Marrying a Jungian depth psychological approach to Gay Liberation thought, this workshop explores the archetypal dimensions of Lesbian Psyche in order to engage an ancient yet new and enlivening myth of the meaning and value for all women of the Great Mystery of same-sex love between women. Poetry, literature, music and images are offered to activate our imaginations and illuminate the secret role Lesbians have played in the cultural, literary, social justice and spiritual life of Western civilization. The instructor offers a Lesbian- centered theory of Lesbian development and psychology, mapping a potential path to a fully embodied conscious Lesbian selfhood. Students examine some ways psychoanalytic theorists since Freud have attempted to explain (and explain away) the phenomenon of erotic love between women. A methodology is presented for identifying and working with the particular trauma associated with growing up Lesbian in a hetero-patriarchal context.

PSY 593DD. Multicultural Mental Health. 3 Units.

PSY 593DD/C. Multicultural Mental Health. 3 Units.

The goal of this course is to provide working practitioners with culturally competent affirmative methodology to work clinically with LGBT people of color and other people struggling with oppressions related to identity, difference and disadvantage. This will be accomplished through weekly reading, online instructor/peer comments and feedback, case vignettes, and through personal self-reflection including observing transference/countertransference material throughout the quarter.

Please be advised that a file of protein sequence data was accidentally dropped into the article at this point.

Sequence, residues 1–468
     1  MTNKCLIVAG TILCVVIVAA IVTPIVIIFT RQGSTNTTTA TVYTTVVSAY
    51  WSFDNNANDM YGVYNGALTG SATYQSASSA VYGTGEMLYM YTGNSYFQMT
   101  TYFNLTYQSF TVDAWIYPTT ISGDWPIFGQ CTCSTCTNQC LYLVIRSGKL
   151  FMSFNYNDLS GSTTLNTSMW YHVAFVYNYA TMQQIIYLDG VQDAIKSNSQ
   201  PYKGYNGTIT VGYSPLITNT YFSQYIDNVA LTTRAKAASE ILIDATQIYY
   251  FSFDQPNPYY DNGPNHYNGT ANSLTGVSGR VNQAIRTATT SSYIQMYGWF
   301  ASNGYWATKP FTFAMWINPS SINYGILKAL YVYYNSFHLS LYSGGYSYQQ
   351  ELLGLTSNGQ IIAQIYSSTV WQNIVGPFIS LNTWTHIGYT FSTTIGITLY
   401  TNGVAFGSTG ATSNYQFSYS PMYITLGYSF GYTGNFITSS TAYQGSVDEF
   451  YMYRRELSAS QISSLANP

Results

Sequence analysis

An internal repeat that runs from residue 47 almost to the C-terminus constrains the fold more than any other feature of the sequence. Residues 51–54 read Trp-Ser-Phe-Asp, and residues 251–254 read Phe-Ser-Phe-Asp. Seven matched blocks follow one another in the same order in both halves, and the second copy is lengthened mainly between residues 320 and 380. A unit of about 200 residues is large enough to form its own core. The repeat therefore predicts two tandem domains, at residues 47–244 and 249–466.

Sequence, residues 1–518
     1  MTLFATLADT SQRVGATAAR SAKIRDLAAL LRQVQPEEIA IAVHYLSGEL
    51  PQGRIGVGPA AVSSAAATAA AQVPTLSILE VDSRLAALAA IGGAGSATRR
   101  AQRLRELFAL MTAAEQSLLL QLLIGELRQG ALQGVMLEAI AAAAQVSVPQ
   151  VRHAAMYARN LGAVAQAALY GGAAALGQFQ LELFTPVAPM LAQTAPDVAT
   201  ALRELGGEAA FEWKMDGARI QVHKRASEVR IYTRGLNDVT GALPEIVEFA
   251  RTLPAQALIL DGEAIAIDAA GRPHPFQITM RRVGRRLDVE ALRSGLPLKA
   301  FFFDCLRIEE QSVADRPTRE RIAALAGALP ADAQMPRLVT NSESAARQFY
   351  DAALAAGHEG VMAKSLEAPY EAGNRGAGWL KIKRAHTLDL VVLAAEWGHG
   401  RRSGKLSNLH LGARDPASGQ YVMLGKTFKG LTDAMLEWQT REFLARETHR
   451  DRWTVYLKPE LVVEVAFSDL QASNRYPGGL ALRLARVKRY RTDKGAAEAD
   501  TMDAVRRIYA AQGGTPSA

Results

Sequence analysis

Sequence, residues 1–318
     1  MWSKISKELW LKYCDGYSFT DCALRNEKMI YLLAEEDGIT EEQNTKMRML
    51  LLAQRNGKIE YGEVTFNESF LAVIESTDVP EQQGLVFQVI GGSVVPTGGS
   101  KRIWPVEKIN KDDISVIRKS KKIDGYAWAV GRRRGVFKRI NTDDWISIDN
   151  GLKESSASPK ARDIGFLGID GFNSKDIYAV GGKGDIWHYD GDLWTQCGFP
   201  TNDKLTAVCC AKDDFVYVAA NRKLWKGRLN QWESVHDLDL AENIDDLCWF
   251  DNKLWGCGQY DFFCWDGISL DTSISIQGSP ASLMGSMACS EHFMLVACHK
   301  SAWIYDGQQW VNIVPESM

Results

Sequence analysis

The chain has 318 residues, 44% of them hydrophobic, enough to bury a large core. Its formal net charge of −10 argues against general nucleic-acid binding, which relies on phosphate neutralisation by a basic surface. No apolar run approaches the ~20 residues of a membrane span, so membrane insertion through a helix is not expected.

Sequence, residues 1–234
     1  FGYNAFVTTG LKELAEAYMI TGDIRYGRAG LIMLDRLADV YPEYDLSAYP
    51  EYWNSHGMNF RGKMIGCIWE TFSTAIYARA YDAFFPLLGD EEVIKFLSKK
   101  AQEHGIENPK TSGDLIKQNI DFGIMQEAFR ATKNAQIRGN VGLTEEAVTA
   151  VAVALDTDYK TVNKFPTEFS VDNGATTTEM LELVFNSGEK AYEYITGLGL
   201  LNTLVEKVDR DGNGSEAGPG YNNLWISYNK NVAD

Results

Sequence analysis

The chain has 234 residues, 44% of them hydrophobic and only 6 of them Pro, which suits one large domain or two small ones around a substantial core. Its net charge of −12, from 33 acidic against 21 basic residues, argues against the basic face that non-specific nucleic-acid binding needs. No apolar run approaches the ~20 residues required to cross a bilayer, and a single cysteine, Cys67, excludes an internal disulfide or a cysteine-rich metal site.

PSY 593E. The Queen of Heaven and Her Wild Cherry Sister II: Further Exploration of Lesbian-Centered Psychology. 1 Unit.

PSY 593EE. Trans-Affirmative Theory: The Ideas Behind Trans Love, Eros and Protest. 1 Unit.

PSY 593F. I'm Coming Out: Introduction to LGBTIQ Counseling Theory and Practice, from Stonewall to the Present. 1 Unit.

This workshop is a basic introduction to modern theories of Lesbian, Gay, Bisexual, Transgendered, Intersex and Queer/Questioning counseling, organized around the central theme of "coming out," considered as a metaphor for the call from psyche to deepen relationship with one's own subjectivity and live in greater congruence with authentic self. Topics include an overview of how mental health treatment has been impacted by the LGBTIQ liberation movement; homophobia, heteronormativity and internalized oppression of LGBTIQ people; and basic treatment models that have developed post-Stonewall, including LGBTIQ-affirmative, postmodern, and contemporary Uranian psychoanalytic work. Attention is also paid to cultural and ethnic differences and how they intersect with LGBTIQ identities.

PSY 593FF. Clinical and Psychological Issues. 3 Units.

PSY 593G. LGBT Identity Issues: Theories Of Personality, Racial and Cultural Concerns. 3-4 Unit.

PSY 593GG. Counseling Bisexuals: Providing Bi- Affirmative Therapy in an Era of Sexual, Gender and Cultural Fluidity. 1 Unit.

PSY 593GH. Bisexual Affirmative Psychotherapy Affirmative Therapy in an Era of Sexual, Gender and Cultural Fluidity. 1 Unit.